Bing brings visual search to iPhone apps

A Microsoft product catering to an Apple product? This may be one of those signs of the apocalypse you hear about. Still, Bing's Top iPhone Apps gallery is actually...fun!

Bing's Top iPhone Apps gallery offers a unique way to browse and search apps. But only 500 of them.

There's a new way to search for iPhone apps, and it comes from the unlikeliest of sources: Microsoft.

The new Bing Visual Search engine , announced yesterday, includes a special gallery section that spotlights iPhone apps.

The Silverlight-powered collection definitely lives up to its "visual search" name, relying solely on oversize application icons. When you mouse over one, its name appears in the search field with a brief description below: developer, price, category, rank, and release date.

A click of that same icon produces Bing's standard Web-search results. What you don't get anywhere is a link to the app's App Store page. That's kind of a bummer.

On the other hand, Bing's search filters are really cool. You can look at the full collection of apps (about 500 altogether), the top 10 freebies, the top 10 paid, the newest, the most expensive, and so on.

Within each of those views, you can sort the listings by popularity, price, release date, and name. (Say, Apple: Why can't iTunes do that?)

Meanwhile, Bing also lets you narrow the search by category, price, and even publisher. So, for example, if you want to quickly cull the photography apps from any given batch, just click Category and choose Photography from the fly-out menu.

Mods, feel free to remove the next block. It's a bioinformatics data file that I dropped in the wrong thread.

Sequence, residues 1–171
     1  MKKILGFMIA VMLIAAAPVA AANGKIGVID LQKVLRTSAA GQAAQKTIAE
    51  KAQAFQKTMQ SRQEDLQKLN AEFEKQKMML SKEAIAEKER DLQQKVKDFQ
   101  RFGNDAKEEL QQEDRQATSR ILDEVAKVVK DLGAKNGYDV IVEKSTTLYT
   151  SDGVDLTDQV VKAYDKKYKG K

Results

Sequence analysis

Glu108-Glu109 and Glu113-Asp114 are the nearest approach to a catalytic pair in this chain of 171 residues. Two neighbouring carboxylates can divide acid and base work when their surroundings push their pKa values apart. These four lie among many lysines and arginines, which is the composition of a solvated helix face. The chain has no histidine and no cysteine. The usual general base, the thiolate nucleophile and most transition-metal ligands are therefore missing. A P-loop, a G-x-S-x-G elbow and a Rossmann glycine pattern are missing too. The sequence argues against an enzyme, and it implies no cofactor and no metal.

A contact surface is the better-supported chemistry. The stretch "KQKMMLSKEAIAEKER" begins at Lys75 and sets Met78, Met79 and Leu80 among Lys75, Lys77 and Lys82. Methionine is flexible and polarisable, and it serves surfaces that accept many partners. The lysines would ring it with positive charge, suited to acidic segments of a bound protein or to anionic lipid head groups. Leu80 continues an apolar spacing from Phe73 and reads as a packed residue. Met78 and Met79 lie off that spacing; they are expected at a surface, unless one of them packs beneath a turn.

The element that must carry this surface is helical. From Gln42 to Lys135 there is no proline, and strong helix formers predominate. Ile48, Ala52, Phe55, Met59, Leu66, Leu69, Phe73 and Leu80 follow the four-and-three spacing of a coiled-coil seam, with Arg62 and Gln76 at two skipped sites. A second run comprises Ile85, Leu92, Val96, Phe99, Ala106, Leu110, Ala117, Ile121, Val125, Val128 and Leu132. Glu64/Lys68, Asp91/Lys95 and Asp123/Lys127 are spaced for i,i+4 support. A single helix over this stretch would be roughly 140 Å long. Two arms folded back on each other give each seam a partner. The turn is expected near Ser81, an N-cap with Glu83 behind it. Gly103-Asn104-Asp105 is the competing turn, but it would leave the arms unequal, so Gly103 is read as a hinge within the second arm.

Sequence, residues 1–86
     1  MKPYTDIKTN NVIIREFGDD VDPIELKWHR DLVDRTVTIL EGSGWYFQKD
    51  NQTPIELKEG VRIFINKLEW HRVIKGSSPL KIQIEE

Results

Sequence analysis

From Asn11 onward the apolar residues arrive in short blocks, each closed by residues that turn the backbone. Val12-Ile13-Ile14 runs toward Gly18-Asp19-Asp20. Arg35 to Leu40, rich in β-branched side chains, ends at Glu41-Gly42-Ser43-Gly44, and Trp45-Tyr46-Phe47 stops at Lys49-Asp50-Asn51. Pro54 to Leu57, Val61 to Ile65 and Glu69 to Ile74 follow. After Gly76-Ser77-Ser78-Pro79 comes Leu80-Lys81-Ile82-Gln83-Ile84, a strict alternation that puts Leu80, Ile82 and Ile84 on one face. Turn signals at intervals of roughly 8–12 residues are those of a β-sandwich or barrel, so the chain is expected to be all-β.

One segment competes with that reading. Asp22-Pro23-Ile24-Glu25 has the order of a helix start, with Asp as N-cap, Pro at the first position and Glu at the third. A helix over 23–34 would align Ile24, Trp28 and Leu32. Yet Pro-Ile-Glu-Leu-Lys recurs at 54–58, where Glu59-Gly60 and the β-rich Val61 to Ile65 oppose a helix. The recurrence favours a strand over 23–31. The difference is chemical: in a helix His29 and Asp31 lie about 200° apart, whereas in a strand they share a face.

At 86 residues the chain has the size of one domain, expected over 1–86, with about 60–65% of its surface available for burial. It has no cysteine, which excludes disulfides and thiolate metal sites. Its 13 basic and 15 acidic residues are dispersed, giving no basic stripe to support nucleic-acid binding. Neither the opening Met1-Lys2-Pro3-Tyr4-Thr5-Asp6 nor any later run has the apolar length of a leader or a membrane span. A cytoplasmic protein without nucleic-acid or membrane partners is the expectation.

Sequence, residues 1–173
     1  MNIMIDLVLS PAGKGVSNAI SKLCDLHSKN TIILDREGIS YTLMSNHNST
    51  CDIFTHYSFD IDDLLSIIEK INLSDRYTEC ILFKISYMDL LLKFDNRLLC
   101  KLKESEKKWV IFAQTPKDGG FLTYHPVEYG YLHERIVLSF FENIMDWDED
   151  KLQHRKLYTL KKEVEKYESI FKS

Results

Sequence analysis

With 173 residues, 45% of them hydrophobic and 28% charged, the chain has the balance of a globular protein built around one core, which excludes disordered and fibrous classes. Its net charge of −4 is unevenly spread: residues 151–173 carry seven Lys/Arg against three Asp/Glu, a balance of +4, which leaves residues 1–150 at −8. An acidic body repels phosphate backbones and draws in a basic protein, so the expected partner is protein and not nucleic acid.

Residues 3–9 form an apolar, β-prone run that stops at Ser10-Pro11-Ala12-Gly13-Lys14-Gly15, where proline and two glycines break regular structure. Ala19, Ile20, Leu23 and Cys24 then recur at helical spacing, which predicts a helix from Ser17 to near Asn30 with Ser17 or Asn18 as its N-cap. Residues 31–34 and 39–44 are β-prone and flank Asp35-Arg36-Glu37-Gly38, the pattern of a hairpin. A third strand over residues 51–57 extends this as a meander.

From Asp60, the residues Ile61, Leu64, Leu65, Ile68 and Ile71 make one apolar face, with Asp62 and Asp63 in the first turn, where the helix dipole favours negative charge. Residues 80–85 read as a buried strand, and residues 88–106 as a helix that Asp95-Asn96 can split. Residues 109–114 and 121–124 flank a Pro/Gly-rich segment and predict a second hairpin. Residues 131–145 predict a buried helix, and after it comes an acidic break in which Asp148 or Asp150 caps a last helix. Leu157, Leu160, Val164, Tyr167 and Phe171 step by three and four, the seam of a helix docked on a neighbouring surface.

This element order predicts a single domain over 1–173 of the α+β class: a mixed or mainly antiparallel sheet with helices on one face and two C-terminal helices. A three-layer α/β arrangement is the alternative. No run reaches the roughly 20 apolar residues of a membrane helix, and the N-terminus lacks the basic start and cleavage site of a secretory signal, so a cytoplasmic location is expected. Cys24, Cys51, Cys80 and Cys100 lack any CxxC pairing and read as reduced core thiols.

Bing's presentation is very slick, with icons that drop out and fly around as you modify your search preferences. It's really a fun way to browse and search.

However, with just 500 apps on display, you're getting only a fraction of what's available in the App Store. Granted, these are the "top apps," not the whole library, but it's a little frustrating when you drill into the Business category and find only two items.

In any case, it's interesting to see Microsoft putting any kind of spotlight on the iPhone. And it would be more interesting still if this gallery ramped up to, say, 5,000 apps. Then it would be more than just a fun diversion; it would have some bona fide practical value.

How about it, Redmond?

 

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